It’s a funny thing coming home. Looks the same. Sounds the same. Even smells the same. You realize the only thing that’s changed…is you. – The Curious Case of Benjamin Button
On my second day back in Israel, after nine months of separation, I found Benjamin Button’s statement a very challenging thought to ponder. I was sitting in my best friend’s living room, wondering if I was a changed woman or still that Israeli girl who just needed to shake off the “Minnesota nice” and rub some character on? I must say it was quite a conundrum. Israel and the Twin Cities are polar opposites of each other. There are no similarities and just to get by here or there, one must make a choice: yield to a major assimilation or get really good at juggling between two hats. The second requires being capable of pushing the erase and rewind buttons and waking up to a new morning ready to be wherever you are – with its unique lifestyle, culture and etiquette.
I have to admit, I’m the juggler type. It took me two days but I got my Israeli spice back. If I hadn’t, I would have been run over by frenzied Rosh Hashanah shoppers trying to get to the bakery’s last sweet bread while I was still busy smiling and saying “excuse me” Minnesota-style to every shopper that elbowed his way around me.
I found myself truly back in Israel – gray thinking box wiped clean of the nine month old brain cells that contained Minnesota nice behavior. I had successfully erased and rewound and could experience the flavor of Israel with a clean palate. Or, in other words (for those that have a melancholic temperament like me), it meant that I could compare and critique from the other side of the Atlantic Ocean. It gave me peace.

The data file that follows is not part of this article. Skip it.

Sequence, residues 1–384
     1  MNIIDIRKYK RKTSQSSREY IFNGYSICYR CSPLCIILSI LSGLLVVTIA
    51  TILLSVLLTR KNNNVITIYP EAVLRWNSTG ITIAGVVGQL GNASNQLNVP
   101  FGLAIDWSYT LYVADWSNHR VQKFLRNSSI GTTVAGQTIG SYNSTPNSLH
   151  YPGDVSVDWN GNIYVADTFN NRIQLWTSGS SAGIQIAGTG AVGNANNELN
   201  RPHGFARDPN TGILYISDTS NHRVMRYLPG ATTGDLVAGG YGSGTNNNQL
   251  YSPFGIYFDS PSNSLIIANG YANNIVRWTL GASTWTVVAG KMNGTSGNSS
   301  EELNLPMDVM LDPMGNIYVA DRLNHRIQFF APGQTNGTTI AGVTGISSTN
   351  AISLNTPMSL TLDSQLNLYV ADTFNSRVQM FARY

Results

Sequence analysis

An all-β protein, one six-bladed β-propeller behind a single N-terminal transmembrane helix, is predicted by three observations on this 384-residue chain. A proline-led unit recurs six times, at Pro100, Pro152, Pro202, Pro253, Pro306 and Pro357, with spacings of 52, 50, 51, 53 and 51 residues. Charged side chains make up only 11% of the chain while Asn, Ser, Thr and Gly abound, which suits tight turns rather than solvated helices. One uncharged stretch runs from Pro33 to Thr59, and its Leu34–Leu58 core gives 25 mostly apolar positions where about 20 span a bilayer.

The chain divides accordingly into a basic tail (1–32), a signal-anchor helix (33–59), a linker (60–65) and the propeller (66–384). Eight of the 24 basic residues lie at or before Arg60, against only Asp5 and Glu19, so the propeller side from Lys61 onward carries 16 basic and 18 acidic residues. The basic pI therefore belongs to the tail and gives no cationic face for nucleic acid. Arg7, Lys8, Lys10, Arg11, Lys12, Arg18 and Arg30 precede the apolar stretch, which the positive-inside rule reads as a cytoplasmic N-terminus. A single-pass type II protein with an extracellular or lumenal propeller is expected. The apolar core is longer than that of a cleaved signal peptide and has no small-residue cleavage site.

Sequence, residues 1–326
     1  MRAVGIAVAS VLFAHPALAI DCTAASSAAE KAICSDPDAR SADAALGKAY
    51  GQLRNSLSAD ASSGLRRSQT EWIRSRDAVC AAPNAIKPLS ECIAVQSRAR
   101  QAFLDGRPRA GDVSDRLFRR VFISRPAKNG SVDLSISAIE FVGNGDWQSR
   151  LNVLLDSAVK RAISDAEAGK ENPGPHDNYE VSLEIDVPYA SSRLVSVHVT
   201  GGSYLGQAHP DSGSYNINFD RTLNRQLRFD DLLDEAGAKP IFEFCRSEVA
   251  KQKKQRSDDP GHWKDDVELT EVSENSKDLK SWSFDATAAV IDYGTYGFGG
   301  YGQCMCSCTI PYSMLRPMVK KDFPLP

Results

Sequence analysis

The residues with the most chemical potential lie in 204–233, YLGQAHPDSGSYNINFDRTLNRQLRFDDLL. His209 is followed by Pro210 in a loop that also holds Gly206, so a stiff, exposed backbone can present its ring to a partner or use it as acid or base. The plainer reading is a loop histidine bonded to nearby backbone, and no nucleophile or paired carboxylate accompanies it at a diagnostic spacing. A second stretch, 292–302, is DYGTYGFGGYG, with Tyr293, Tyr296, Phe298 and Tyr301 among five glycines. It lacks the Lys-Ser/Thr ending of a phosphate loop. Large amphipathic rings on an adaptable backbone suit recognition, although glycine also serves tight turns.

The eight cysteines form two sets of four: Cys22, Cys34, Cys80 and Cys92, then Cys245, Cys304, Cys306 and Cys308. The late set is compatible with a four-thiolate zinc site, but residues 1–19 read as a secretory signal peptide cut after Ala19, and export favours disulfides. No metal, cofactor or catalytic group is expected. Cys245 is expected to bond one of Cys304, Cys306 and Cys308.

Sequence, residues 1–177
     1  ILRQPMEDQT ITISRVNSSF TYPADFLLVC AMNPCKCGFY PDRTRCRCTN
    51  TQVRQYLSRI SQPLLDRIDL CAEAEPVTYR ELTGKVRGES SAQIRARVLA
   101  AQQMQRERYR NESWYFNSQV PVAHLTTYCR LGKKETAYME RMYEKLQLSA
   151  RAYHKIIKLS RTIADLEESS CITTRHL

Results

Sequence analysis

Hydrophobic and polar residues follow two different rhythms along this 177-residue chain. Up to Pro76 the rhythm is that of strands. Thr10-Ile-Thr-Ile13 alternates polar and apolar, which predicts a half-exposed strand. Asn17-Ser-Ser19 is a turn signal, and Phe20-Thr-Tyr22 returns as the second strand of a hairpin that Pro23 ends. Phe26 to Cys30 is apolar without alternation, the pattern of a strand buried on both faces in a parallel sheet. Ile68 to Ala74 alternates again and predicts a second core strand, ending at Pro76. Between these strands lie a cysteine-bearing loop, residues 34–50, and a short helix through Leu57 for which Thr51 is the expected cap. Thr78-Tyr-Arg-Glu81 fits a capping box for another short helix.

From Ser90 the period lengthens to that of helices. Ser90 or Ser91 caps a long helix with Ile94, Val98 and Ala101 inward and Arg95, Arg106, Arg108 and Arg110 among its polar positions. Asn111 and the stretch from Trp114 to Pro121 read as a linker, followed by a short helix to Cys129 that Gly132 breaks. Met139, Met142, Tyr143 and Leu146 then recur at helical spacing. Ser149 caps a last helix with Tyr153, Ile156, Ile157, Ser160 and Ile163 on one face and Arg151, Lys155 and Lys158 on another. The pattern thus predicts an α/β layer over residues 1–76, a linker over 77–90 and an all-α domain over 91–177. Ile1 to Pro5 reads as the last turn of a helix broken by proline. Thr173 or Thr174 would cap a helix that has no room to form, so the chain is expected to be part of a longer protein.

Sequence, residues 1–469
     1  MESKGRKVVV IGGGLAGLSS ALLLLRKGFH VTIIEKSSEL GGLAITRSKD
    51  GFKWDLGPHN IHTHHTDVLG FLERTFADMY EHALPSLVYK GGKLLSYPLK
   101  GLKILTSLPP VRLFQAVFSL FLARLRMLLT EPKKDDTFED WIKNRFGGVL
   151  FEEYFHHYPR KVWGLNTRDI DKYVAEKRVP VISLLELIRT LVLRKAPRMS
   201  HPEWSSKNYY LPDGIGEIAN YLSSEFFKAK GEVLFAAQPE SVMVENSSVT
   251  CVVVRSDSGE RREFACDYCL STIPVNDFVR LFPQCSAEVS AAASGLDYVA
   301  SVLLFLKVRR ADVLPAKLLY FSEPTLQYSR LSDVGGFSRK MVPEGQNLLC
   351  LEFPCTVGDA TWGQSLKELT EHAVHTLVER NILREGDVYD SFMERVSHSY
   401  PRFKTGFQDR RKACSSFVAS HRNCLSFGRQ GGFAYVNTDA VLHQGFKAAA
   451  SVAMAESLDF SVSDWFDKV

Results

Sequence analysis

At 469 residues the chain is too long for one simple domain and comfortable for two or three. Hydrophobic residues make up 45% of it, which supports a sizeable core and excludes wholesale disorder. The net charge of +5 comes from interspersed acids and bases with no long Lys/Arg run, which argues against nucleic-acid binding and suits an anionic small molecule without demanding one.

Here are some samples from my findings about what is here and what is there:
The mechanism of ordering coffee:
Let me share a true story, told by my friend Yael G, about her US coffee ordering experience…
The morning after arriving in New York City, Yael entered a well-known coffee shop to order her morning caffeine fix. For the record, she had never been to the states and didn’t have any prior knowledge of the coffee ordering process here. Being Israeli, her immediate action was to map the ground like a trained solder to decide if it was a friendly perimeter or an enemy trap.
Checking the place around her, she decided it was not friendly at all and she became aware of two alarming things that required preparation and courage: First she noticed the “coffee bible,” the huge black hovering board. It seamed to contain every possible American coffee variation, except the one that she knew. The second was the long crowded line of have-to-get-to-work customers. It seemed that every person had already memorized, practiced and knew how to say their order in the exact vocal velocity and sound needed so it would be immediately clear to the person behind the counter.
My poor friend. Can you imagine the stress? And all before her morning coffee?! Well she sure didn’t give up. She stepped aside, studied her choices and silently practiced the way she would announce her choice. She made it! The order was clearly understood, the shout of the coffee to be made was in the air. Until she was asked for…ROOM?!